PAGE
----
4. Result

In this retrospective study, out of the total 73 randomly selected MDCT scans, only 4 patients had precaval right renal arteries giving a prevalence of 5.48%. Of these 4 patients, 2 were men and 2 were women. All precaval RRAs had origin from the aorta and in no case did the branches of the same renal artery passed both anterior and posterior to IVC. A total of 5 precaval right renal arteries were observed in 4 cases, three of them accessory and two dominant.

Case 1. A 29-year-old male has 2 precaval right renal arteries with one dominant and one accessory and a superior polar artery, all arising from abdominal aorta. Left kidney is supplied by a single artery (Figures 1(a), 1(b), 1(c), and 1(d)).

Case 2. A 38-year-old male has one accessory precaval right renal artery entering the lower pole and an accessory and a dominant artery entering the hilum. Left kidney is supplied by a single artery (Figures 2(a) and 2(b)).

Case 3. A 60-year-old female has one accessory precaval right renal artery and a normal dominant right renal artery. Left kidney is supplied by two arteries (Figures 3(a) and 3(b)).

Case 4. A 72-year-old female has a single and dominant precaval right renal artery. Left kidney is supplied by two arteries (Figures 4(a), 4(b), and 4(c)).

5. Discussion

During embryonic development, the renal arteries arise from reduction of a series of lateral splanchnic arteries stemming from the aorta supplying blood to the mesonephric kidney. During migration of kidneys from pelvis to lumbar region, kidneys are vascularized by those successive arteries and the final position of the kidney determines the position and number of renal arteries [12, 13]. A precaval RRA is likely to result from a persistent caudal vessel, arising ventrally from the aorta after formation of the inferior vena cava, but before the descent of the gonad [7].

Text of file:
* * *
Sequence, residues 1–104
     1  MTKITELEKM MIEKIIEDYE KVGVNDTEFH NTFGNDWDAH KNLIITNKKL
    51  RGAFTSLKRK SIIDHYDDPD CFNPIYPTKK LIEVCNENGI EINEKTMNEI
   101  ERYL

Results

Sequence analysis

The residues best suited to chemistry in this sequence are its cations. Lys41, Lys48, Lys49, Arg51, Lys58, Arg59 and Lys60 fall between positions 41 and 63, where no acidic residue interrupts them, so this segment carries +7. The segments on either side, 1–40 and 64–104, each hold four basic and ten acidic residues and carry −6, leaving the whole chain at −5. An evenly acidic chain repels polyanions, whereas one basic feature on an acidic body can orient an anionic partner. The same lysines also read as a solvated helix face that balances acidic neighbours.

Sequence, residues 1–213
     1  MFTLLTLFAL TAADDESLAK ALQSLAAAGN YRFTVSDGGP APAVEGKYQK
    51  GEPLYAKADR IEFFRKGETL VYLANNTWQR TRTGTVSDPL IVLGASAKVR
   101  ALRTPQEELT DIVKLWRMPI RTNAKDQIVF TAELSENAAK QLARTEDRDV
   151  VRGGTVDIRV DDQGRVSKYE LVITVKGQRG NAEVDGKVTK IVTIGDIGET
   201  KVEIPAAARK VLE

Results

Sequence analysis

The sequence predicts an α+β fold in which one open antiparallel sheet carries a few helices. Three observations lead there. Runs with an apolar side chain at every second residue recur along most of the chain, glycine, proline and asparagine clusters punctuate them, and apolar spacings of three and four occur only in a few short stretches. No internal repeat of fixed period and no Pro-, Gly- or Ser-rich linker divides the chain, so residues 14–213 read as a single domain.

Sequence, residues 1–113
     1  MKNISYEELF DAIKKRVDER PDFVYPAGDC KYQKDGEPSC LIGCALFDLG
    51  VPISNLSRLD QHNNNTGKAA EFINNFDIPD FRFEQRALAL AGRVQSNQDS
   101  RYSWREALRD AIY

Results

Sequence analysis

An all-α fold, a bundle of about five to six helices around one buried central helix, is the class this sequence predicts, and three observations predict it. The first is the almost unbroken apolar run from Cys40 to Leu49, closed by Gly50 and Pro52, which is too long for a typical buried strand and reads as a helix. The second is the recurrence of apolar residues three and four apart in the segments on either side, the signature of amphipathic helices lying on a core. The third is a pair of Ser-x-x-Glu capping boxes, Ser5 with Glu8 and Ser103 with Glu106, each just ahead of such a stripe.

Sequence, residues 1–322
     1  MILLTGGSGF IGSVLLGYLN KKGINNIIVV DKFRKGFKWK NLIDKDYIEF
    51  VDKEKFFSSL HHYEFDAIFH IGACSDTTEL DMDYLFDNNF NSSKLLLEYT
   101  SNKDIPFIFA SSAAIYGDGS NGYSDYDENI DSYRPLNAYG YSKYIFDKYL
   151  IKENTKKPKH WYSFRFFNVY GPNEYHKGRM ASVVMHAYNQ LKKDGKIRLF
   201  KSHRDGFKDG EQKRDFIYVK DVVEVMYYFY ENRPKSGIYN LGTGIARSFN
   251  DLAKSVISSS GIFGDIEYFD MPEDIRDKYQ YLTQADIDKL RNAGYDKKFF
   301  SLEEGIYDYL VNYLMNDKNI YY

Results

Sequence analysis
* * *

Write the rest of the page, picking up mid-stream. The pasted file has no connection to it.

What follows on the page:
Many studies have shown that volume rendering (VR), maximum intensity projection (MIP), and multiplanar reformation (MPR) can accurately demonstrate accessory renal arteries. Rubin et al. [14] showed that the 3D CT angiography is 100% sensitive in the visualization of accessory renal arteries.

Out of the 73 CT scans reviewed in the present study, 4 showed the presence of precaval RRA with a prevalence of 5.48% which is much higher than that reported by Petit et al. [6], according to whom the prevalence was 0.8% in a series of 380 cases evaluated by ultrasonography (USG) and/or contrast enhanced CT. Yeh et al. [5] with the help of spiral CT described a prevalence of 5% in 186 cases and suggested that most of the precaval RRAs were accessory lower pole arteries. This coincides with our study where we found precaval accessory RRAs in 3 out of 4 cases (Figures 1, 2, and 3). Meng et al. [7] identified three cases of precaval right renal arteries, all accessory lower polar arteries during laparoscopic and endourological procedures, the prevalence being 0.6%. Chai et al. [8] reported one case of precaval RRA in 153 live donors making a prevalence of 0.6%. Bouali et al. [12] retrospectively reviewed 120 arterial phase, contrast enhanced CT scans focusing specifically on the prevalence of precaval right renal artery and reported an incidence of 9.17%. In majority of their cases, lower pole accessory artery was precaval while the main right renal artery was retrocaval. Only in one case they found both main and accessory right renal arteries in precaval position. There was no case of single and main precaval right renal artery or upper pole precaval artery and there are very few cases of these variants in the literature [12]. A study done on 65 Thai renal donors by CT angiography found an incidence of 4.6% [11]. Gupta et al. [10] reported a prevalence of 6% precaval right renal arteries in a study of 50 cadavers which is very close to the incidence observed by us. They also observed the presence of a single and dominant precaval RRA [10]. Single main RRA in a precaval position was observed by Holden et al. [9] in one case out of 100 live donors (1% prevalence) evaluated by MDCT. The findings and the prevalence of precaval RRAs reported in the literature are summarized in Table 1.